The current global public health emergencies have highlighted the urgency and importance of HeartFirstAid Africa's mission and goals, necessitating a greater need for health education, health promotion, and disease prevention measures in health-deprived communities.

With full commitment to our mission, we have dedicated both our time and resources to ensure the success of our health projects without seeking outside donations or contributions.  As we look to the future and expansion of our services, we invite you to join us on our mission to improve public health conditions in the African communities we serve.  It is our belief that a collective commitment to the well-being of these communities will ensure a lasting change.  We would be honored to have your support toward our health campaigns and mission.

  1.  #KnowYourNumbers   2.  #HeartWomenHeartFamilies. 

Any donations made are tax-deductible as HeartFirstAid Africa is a registered 501(c)(3) non-profit organization.

Our Specialty

Call to Action


Seeking Solutions: Addressing the Tough Realities of Underserved Rural Communities

Underserved communities often face the challenge of difficult-to-access healthcare due to a variety of barriers that contribute to its inaccessibility. Unfortunately, this contributes to the poor health of the affected individuals left without aid. Often, individuals and families in these communities may not have the fiscal or physical resources to receive proper healthcare. Some cultural traditions discourage the solicitation of current-day medical care. In addition, many communities struggle with getting the hands-on healthcare they need because of a lack of resources or the refusal of clinicians to travel to more rural locations. There are individuals in these underserved communities who do not understand the importance of preventive care due to limited access to information and education. Lack of access to quality healthcare is a fundamental concern for many communities and individuals. We can start changing this reality today.



Rural areas in Africa make up a large proportion of the continent. Since the emergence of COVID‐19 on the continent, major attention and responses have been placed on urban areas. Rural areas are typified by certain challenges which may serve as limitations to the provision of resources and tools for COVID‐19 responses in these areas. These major challenges include limited access to these areas due to poor road networks which may hamper the possibility of conveying resources and manpower. Shortage of healthcare workforce in these areas, poor health facilities/structures and limited access to COVID‐19 diagnostics services may also make containment challenging. It is therefore important that investment should be made in these areas towards providing the necessary tools, resources, and manpower to ensure effective containment of COVID‐19 and to alleviate the plight caused by the pandemic in rural Africa. Rural communities in Africa should not be left behind in COVID‐19 responses.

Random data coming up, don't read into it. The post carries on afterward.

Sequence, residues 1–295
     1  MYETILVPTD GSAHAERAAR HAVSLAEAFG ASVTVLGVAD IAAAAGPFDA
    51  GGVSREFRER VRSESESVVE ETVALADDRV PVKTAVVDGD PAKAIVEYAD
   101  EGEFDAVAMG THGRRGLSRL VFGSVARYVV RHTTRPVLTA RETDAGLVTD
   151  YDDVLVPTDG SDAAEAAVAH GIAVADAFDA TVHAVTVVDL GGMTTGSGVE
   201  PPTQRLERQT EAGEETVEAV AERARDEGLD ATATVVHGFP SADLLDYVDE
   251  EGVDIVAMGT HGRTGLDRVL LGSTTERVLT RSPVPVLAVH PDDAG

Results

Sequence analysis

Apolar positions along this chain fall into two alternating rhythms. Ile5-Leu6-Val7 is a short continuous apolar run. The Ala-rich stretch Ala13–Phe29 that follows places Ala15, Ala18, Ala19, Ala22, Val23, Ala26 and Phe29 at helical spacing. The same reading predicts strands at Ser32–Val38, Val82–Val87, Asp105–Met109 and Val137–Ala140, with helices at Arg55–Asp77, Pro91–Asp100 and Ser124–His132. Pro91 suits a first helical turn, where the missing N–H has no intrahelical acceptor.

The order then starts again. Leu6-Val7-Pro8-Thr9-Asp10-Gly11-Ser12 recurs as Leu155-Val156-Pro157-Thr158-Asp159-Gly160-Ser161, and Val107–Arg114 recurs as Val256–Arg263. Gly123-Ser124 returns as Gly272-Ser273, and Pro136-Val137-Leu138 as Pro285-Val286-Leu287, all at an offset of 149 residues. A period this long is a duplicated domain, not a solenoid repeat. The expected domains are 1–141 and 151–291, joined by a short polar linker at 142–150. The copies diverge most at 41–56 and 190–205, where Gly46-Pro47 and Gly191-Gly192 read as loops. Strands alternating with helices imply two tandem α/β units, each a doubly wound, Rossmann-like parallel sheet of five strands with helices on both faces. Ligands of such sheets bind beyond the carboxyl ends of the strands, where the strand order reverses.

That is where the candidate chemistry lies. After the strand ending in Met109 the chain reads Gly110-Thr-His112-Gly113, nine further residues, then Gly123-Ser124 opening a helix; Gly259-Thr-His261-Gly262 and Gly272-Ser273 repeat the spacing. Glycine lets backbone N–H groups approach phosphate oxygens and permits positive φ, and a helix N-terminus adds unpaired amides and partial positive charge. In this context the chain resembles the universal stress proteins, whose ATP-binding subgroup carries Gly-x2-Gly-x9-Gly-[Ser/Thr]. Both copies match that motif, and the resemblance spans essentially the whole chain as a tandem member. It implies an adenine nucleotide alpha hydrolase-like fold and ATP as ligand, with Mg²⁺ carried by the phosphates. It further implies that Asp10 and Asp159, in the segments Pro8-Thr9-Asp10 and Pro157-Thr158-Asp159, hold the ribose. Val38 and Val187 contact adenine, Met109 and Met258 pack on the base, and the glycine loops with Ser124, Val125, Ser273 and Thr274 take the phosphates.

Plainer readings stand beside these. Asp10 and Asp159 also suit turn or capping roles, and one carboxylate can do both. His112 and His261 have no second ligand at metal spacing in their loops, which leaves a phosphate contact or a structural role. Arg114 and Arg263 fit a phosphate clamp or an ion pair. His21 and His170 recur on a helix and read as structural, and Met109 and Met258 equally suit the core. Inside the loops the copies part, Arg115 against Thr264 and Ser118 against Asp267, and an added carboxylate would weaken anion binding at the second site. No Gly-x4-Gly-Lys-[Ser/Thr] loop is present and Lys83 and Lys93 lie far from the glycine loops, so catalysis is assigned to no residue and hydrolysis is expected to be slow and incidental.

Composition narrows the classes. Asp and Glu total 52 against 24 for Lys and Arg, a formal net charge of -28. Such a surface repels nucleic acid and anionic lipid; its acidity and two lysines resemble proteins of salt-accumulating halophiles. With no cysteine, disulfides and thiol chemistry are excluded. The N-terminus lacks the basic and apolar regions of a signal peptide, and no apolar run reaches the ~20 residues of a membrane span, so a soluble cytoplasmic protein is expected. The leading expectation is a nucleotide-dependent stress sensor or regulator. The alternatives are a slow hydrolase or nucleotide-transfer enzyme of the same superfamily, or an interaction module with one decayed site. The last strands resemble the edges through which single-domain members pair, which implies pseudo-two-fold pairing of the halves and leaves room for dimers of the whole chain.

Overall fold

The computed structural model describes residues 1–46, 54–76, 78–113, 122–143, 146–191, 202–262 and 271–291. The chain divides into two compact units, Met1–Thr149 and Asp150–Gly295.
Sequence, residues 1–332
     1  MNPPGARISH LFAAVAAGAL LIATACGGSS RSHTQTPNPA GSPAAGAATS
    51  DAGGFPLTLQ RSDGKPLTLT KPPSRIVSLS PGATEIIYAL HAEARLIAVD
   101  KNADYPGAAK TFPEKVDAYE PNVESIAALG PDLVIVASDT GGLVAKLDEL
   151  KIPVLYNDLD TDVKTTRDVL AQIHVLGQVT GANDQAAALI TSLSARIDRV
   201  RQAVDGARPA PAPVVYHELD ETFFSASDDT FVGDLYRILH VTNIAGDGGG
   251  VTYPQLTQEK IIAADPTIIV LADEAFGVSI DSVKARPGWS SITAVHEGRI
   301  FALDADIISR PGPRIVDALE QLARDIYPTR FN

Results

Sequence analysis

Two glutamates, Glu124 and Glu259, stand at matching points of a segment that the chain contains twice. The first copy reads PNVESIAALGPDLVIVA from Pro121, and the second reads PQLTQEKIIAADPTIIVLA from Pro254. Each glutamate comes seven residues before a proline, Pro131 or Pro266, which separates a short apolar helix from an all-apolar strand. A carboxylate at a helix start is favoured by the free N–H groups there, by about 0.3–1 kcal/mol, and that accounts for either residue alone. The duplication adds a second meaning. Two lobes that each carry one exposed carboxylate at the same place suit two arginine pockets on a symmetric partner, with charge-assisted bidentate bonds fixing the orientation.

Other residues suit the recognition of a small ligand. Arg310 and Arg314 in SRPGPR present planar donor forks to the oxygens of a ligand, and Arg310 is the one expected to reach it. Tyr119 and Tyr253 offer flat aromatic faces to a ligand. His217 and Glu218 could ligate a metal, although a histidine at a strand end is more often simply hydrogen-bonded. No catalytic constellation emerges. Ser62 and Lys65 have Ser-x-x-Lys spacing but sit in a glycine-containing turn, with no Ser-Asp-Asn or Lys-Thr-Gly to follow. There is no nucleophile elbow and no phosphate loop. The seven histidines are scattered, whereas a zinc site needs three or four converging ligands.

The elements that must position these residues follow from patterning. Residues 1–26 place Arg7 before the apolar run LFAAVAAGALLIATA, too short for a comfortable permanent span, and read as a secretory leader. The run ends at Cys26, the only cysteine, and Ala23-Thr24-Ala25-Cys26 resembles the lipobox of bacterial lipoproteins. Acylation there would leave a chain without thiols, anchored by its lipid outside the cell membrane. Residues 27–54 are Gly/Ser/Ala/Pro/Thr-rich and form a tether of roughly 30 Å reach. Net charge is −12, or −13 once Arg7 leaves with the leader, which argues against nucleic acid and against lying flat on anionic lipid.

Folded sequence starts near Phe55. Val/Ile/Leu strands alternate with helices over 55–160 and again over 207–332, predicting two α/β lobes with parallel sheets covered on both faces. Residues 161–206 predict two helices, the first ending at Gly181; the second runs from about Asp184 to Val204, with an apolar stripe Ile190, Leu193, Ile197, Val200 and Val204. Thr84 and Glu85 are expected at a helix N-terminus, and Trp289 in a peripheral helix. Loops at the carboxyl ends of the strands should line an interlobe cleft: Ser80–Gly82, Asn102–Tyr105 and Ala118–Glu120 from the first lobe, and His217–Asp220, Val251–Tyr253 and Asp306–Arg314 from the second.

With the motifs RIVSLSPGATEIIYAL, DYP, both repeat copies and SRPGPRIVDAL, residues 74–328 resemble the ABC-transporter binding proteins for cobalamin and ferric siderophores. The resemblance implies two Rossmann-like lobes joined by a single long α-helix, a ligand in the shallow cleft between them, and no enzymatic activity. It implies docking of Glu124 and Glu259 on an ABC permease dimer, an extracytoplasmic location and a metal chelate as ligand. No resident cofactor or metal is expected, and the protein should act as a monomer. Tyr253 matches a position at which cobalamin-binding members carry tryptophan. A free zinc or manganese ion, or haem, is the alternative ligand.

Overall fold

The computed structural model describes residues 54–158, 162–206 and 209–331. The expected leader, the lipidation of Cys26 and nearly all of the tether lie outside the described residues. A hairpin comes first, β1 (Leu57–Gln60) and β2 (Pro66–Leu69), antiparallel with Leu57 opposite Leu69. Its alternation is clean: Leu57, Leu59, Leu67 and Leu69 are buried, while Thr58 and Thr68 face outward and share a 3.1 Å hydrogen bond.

FACTS: Heart Disease

  • Around 35% of all deaths in sub-Saharan Africa (SSA) are attributable to non-communicable diseases (NCDs).

  • The three leading causes of CVD death in Sub-Saharan Africa are ischemic heart disease (IHD), stroke, and hypertensive heart disease.
  • 30% of persons 18 years old in SSA have hypertension (40% in urban groups and 20% in rural communities).

Source: National Center for Biotechnology Informatin (nih.gov)

FACTS: Asthma

  • 300 million individuals worldwide are currently affected by asthma.

  • According to estimates made by health professionals, this figure might rise by an extra 100 million people by 2025.

  • The World Health Organization (WHO) estimates that asthma causes approximately 250 000 fatalities annually, primarily in low- and middle-income countries. As with many other chronic diseases in Africa, rapid urbanization has been linked to the rise of asthma and other allergic diseases.
  • By 2015, the world’s urban population is predicted to rise from 45% to 59%, with Africa accounting for more than half of this growth.
  • The International Study of Asthma and Allergies (ISAAC) found that the prevalence of asthma among young people in Africa was rising and that asthma’s effects on quality of life contributed the most to the disease burden. 

Source: ncbi.nlm.nih.gov

FACTS: Stroke

  • Stroke is the second leading cause of death globally, and 87 percent of stroke-related fatalities occur in developing countries.
  • The frequency and incidence of stroke in sub-Saharan Africa remain unclear due to bias in the majority of research.
  • Compared to industrialized nations, sub-Saharan nations have a higher death rate, a younger average age of onset, and hypertension as the primary risk factor for stroke.
  • In developing nations, the distribution of ischemic and hemorrhagic strokes appears to be the same as in developed nations.
  • Without effective public health measures, sub-Saharan Africa will certainly see an epidemic of non-communicable illnesses in the next few years, with stroke becoming the second leading cause of morbidity and mortality.

Source: [Stroke in sub-Saharan Africa]-Abstract-Europe PMC

FACTS: Diabetes

  • A total of 1.5 million fatalities were directly related to diabetes in 2019, and 48% of these deaths occurred in those under the age of 70.
  • Diabetes contributed to an additional 460 000 renal disease deaths.
  • High blood glucose is responsible for 20% of cardiovascular fatalities.
  • From 2000 to 2019, the age-standardized death rate due to diabetes increased by 3%. In lower-middle income nations, diabetes-related mortality increased by 13%.

Source: (who.int)

Diabetes affects  3 in 4 adults  in low- and middle-income nations…It is estimated that 1 in 2 (240 million) individuals with diabetes go undiagnosed.

Source: (idf.org)